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Do you suppose someone like Hank Kimball advises Governor Brad Little?  Kimball, if you have memories of old TV sitcoms, was the scatterbrained county agent on the series Green Acres.  He lives on in repeats and online.  Kimball is what many of us assume most bureaucrats are like.  Not necessarily mean-spirited but perhaps just lost after years and years of desk work and scanning dry reports.

Over the weekend I was reading a newspaper column written by an angry old man.  He warns Idaho is in danger of being conquered by extremists.  As if shutting down the state and its economy in late March is more akin to a Sunday walk in the park (just don’t play on the swings!) 

He warns Idaho is in danger of being conquered by extremists.  As if shutting down the state and its economy in late March is more akin to a Sunday walk

There’s an argument often made by the establishment, which very much enjoys its perks, that the Visigoths are coming over the wall and will destroy the clubby atmosphere of government.  We’re told these people are angry and paranoid and somehow believe government is gradually whittling away our liberty.

Then comes a day like the one in March and the Visigoths start to look prescient.  Governor Little, previously of the “aw shucks” school of politics, looks a heck of a lot more like a fellow easily manipulated.  After all, he isn’t a stellar public speaker and you wonder if his eyes glass over when the bureaucrats start telling him the end of the world is approaching.  “Do something,” is more a reaction to fear than good counsel.  Otherwise, the man would’ve included legislators and local governments in discussions.  He didn’t.  Did he worry they might talk him out of the scheme?  It doesn’t inspire confidence we’ve got a strong personality at the top of the executive.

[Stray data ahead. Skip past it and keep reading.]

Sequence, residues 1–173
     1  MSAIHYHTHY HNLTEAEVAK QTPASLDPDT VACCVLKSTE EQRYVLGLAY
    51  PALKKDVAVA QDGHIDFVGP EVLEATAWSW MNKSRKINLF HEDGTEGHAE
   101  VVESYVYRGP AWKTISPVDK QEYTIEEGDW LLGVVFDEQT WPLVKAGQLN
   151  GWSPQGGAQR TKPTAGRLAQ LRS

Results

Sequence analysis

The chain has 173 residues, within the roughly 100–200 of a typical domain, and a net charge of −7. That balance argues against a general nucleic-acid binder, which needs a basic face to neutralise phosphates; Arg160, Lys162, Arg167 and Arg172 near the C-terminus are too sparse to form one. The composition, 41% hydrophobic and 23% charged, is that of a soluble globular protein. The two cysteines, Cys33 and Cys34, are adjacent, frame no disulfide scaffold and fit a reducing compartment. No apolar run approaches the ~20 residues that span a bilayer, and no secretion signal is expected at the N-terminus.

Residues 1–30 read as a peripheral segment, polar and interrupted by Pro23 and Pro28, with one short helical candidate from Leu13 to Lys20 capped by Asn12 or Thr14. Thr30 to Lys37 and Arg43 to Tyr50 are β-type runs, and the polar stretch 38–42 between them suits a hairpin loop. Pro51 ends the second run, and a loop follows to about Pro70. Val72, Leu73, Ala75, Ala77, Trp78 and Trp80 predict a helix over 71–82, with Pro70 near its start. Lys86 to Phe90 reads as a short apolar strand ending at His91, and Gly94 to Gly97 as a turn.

I keep remembering a warm March day in Hansen.  Three years ago.  Little and I were both in a school gymnasium when I had some thoughts for his predecessor.  I shared a concern some sloppy pieces of private property marred the experience when we visited nearby parks.  You know, tipped over washing machines, old furniture and rusted hulks as you pass by on your way to a waterfall, forest or lake.

“Butch” Otter explained it wouldn’t be the Idaho way to order people to clean up their land for everyone else, no matter how much it may impact our sensibilities.  He gave an explanation on the meaning of liberty and your own person and rights.  Little’s mind must still have been focused on lunch.

Your own person and future, well, let’s say it’s a work in progress.  See you next year in a breadline.